Did I mention that I am a huge fan of the Steads? Oh yes, I did.
So last year when I saw and then it’s spring by Julie Fogliano with illustrations by Erin E. Stead (Roaring Brook Press, 2012) on display on my local bookstore, I did the only reasonable thing there was to do: I bought it.
and then it’s spring spent May through September with us on the wicker furniture in our three-season porch. There are few better places to read a book, or to watch a landscape turn from white, to brown, to green; and that’s just what and then it’s spring is all about.
Written in a second-person, unrhymed, lower case verse with only one period on the last page, and then it’s spring immediately brings to mind a certain “little lame balloon man.” This book is “mud-lucious” and “puddle-wonderful.”*
It begins: “First you have brown,/ all around you have brown” and our protagonist, a young boy, stands with his dog staring at various shades of brown garden, field, trees and cattails. We know a strong, cold spring breeze blows because the tail of the boy’s red scarf blows straight back from his neck, and even the tiny turtle is still sporting a cap. It’s desolate, even a bit lonely. This illustration captures the melancholy limbo of a season change.
On the next page he plants seeds: “then there are seeds”
On the next: “and a wish for rain,”
And the next: “and then it rains”
The brown becomes a “hopeful, very possible sort of brown,” and times passes. The boy sits in his wagon and worries about his seeds. Why aren’t they growing? Could it have been the birds? Or the bears? (Oh, how I love Erin E. Stead’s bears, especially when they are stomping).
More times passes and we get to my daughter’s favorite page. Fogliano writes, “and the brown,/ still brown,/ has a greenish hum/ that you can only hear/ if you put your ear to the ground/ and close your eyes,” which is what the boy (and the bunny) are doing, while we get to watch a chipmunk, three mice, a worm and some ants busy in their tunnels. Three-fourths of this page is underground.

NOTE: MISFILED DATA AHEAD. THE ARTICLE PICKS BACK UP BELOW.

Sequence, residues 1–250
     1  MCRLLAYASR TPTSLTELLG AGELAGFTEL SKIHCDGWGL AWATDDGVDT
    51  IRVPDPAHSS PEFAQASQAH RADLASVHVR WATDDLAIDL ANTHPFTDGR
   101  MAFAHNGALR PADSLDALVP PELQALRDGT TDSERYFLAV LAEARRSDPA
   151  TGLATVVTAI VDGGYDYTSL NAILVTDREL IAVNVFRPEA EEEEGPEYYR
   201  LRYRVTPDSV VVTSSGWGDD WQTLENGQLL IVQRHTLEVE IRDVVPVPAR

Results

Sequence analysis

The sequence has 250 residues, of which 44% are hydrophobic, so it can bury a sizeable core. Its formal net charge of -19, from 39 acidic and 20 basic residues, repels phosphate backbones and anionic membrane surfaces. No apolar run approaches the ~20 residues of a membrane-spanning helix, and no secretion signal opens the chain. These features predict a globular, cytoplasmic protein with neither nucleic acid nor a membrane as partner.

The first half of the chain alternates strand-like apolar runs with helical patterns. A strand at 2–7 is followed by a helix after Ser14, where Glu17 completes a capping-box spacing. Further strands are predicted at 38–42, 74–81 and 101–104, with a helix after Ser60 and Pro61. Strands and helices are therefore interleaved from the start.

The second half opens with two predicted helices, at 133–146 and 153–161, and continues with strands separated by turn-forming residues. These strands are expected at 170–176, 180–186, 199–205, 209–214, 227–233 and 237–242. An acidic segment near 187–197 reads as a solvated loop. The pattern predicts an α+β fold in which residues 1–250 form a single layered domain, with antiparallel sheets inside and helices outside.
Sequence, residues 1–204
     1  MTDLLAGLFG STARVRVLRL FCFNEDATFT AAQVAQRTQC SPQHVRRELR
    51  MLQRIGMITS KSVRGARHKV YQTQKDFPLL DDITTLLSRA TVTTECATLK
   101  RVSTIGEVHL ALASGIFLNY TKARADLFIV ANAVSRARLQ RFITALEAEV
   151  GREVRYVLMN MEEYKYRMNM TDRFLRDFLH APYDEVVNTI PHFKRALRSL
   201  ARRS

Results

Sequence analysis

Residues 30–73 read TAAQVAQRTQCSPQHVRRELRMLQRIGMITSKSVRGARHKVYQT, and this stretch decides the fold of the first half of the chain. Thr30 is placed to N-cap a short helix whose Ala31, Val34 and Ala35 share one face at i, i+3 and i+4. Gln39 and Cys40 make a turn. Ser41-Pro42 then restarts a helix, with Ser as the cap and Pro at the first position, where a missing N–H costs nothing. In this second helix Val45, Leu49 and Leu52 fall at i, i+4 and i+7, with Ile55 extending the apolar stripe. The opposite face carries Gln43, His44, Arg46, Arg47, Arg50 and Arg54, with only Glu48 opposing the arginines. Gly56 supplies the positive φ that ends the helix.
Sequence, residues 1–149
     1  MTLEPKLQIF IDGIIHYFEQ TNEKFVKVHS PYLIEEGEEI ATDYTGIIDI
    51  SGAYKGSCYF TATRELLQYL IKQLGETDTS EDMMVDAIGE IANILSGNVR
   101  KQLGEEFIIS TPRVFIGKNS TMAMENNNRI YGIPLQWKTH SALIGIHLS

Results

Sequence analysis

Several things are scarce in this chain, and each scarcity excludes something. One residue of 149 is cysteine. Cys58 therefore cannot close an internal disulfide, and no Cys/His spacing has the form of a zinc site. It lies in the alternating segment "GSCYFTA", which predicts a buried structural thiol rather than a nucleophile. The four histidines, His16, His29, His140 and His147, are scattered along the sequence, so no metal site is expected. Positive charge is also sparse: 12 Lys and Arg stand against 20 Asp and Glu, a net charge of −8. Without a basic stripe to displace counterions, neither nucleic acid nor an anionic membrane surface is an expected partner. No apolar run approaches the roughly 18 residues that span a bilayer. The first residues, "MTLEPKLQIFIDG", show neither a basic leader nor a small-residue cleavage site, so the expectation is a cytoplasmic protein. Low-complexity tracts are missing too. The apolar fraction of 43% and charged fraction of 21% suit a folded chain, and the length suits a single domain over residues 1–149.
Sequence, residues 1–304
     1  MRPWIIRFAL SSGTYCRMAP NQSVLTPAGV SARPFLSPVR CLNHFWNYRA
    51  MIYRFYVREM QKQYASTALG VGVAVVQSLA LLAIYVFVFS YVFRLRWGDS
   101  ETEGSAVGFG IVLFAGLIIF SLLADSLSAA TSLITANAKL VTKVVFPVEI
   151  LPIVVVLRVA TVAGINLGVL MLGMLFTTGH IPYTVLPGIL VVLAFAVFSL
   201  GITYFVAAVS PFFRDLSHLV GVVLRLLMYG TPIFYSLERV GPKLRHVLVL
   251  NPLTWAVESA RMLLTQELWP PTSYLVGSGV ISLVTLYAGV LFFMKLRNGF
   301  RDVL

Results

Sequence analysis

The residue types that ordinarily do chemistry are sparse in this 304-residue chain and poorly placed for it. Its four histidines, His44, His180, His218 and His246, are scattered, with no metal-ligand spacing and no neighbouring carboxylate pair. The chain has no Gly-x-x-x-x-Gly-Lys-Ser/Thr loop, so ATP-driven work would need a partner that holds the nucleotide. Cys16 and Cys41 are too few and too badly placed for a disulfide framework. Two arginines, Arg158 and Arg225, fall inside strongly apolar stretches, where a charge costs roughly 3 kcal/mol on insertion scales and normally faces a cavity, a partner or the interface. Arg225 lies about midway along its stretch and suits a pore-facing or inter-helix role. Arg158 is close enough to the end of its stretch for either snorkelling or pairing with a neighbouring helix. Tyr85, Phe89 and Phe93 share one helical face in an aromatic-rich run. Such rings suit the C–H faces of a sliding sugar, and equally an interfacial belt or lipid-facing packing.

My daughter and I trace our fingers on their trails, laugh at the turtle who is looking at the ant, and look! there is something else hard at work, too! The seeds have rooted and are heading for sunlight.
Finally, after a few more weeks (spoiler alert) “…the brown isn’t around/ and now you have green,/ all around you have green” and my daughter, who I’ve already explained is the swing enthusiast, delights in the boy, barefoot, celebrating the growth of his plants with a ride on his tire swing. Of course, she gives him a push.
This book, with minimal text, can take us fifteen to twenty minutes to read, and often as soon as I finish my daughter says, “read it again.”
Over time, the words and the rhythm, which I’ll admit felt a bit funny in my mouth at first, have become part of the Picture Book House cannon, and I can hear and feel them even when we aren’t reading.
This book appeals to us also because we are gardeners who start our plants from seed with grow lights on the same three-season porch mentioned above.
The timing of the seed planting, sprouting, and land changing from brown to green in and then it’s spring seems a bit off to me, but the point is made, and made well. It is a gift to watch something grow. And whether or not you will be planting real seeds this spring, you should absolutely watch them sprout in and then it’s spring.
Picture Book House Rating: Reading it Again, Mommy!
*in Just- by e.e. Cummings
Our view from Picture Book House when all around we have brown (except for the double rainbow, last year on St. Patrick’s Day last year–no joke).
Our view from Picture Book House today: All white.